French Court Imposed €300,000 In Fines Against Google’s Book Scanning Project

December 21, 2009 0

Paris — A French court last week imposed an astounding amount of fine €300,000 ($430,000), against Google Inc., owner of the most popular Internet-search engine, for copyright infringement and ordered the search giant to pull all the scanned books off its site, a Paris court ruled today.

The Paris Civil Court stated that Google breached the French copyrights of two groups representing publishers, editors and authors, for scanning entire books or excerpts that are put on line, “Google has committed acts of copyright violation to the detriment of Le Seuil” and to publisher Editions du Seuil SAS, which filed the lawsuit.

“Google violated author copyright laws by entirely reproducing and making accessible on the site” books owned by Seuil without its permission, the court wrote in a 22-page decision.

Google is likely to appeal the judgment that could undermine the Google Books Library Project. The search titan has hit a roadblock in France that could halt its book-scanning project. Google Books wants to scan more than 50 million books into digital versions.

The case was brought in 2006 by one of France’s most popular publishing houses, Le Seuil, supported by the 530-member SNE and the authors’ guild was contesting Google’s decision in 2005 to digitize millions of books from US and European libraries and make them available on line, which asserted that around 4,000 of its works have been digitized by Google without consent.

A Paris tribunal found Google guilty of infringement for exposing fragments of the scanned books online and ordered Google to pay 300,000 euros in damages to the three publishers owned by La Martiniere group and a symbolic sum of one euro to the SNE Publishers’ Association and the SGDL Society of Authors.

La Martiniere was seeking 15 million euros in damages and interests.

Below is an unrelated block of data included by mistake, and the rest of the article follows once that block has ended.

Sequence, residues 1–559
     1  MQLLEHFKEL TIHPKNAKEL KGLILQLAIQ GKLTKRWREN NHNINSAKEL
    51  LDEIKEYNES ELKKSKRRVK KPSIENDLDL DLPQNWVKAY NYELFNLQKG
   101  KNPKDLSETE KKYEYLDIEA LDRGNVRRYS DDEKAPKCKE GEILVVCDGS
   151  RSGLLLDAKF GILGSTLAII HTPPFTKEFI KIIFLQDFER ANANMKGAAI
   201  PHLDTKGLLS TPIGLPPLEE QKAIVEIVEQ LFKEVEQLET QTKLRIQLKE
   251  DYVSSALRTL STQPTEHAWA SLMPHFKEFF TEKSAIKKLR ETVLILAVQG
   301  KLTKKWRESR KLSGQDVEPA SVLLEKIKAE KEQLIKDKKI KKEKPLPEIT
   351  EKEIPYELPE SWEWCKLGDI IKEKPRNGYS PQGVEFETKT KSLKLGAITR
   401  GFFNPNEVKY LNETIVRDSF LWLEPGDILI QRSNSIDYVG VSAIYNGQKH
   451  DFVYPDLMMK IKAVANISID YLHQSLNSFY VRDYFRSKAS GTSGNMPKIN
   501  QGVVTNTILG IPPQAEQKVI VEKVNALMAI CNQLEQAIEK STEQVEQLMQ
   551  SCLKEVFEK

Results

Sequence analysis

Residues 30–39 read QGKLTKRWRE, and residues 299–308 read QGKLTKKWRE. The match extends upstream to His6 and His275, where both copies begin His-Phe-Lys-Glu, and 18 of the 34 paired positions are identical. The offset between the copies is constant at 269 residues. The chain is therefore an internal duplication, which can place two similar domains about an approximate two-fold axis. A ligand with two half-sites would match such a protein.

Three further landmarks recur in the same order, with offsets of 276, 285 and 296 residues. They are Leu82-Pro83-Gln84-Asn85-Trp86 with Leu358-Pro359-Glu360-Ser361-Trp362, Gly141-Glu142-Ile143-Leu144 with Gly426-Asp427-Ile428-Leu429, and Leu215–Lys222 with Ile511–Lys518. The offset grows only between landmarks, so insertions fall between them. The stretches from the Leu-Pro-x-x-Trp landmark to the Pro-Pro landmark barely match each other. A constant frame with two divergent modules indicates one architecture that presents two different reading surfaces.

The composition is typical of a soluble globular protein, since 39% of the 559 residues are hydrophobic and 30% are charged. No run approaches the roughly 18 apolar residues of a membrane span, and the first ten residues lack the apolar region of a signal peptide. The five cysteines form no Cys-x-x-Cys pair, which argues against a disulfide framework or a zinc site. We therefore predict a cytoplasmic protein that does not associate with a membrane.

Criticism by industry and governments in Europe compelled Google to restrict its accord to establish a Book Rights Registry to works published in the U.S., U.K., Australia and Canada.

Google plans to challenge the ruling and is supposed to base its argument on the fact that it is authorized from U.S. libraries to scan and post excerpts the books without permission from authors. Google also plans to argue that its indexing and displaying of books does not break French copyright law.

“We disagree with the court’s ruling and will appeal the judgment,” said Gabriel Stricker, a Google spokesperson. “We believe that displaying a limited number of short extracts from books complies with copyright legislation both in France and the U.S. — and improves access to books.”

“French readers now face the threat of losing access to a significant body of knowledge and falling behind the rest of Internet users,” Stricker added. “If readers are able to search and find books, they are more likely to buy and read them.”

Google does not allow users to actually access or view the entire books, rather it enables them to search the contents and displays short excerpts of the portion of the text containing the query. Google agreed to pay copyright holders for protected works and seek to find owners of so-called orphan works whose owners are unknown. The settlement left open many of the issues dealt with in today’s decision dealing with Google Books in France.

French President Nicolas Sarkozy announced this month that France “could be deprived of our heritage” by Google’s project. In an attempt to counter this move, Sarkozy said that his government will spend 750 million euros to digitally scan its national treasures, vowing to protect its heritage at a time of suspicions over the American-owned Google’s digitization drive.

The court gave Google one month to apply the ruling and halt all digitization of French books or face a 10,000 euros per day fine.

The plaintiffs lawyer, Yann Colin, told the court that Google’s decision to digitize the books was “illegal, dangerous and caused prejudice to the publishers” who were powerless to oppose the agreement with libraries.

“We are very, very satisfied,” said Colin. “The decision is immediately enforceable, so even if they appeal, they must stop the scanning.”

“It is a great success for French publishing,” said Marie-Anne Gallot Le Lorier, a lawyer for the Syndicat National de l’Edition, one of the trade groups allied with Seuil.

Calls to his office and France’s Ministry of Culture for comment were not immediately returned.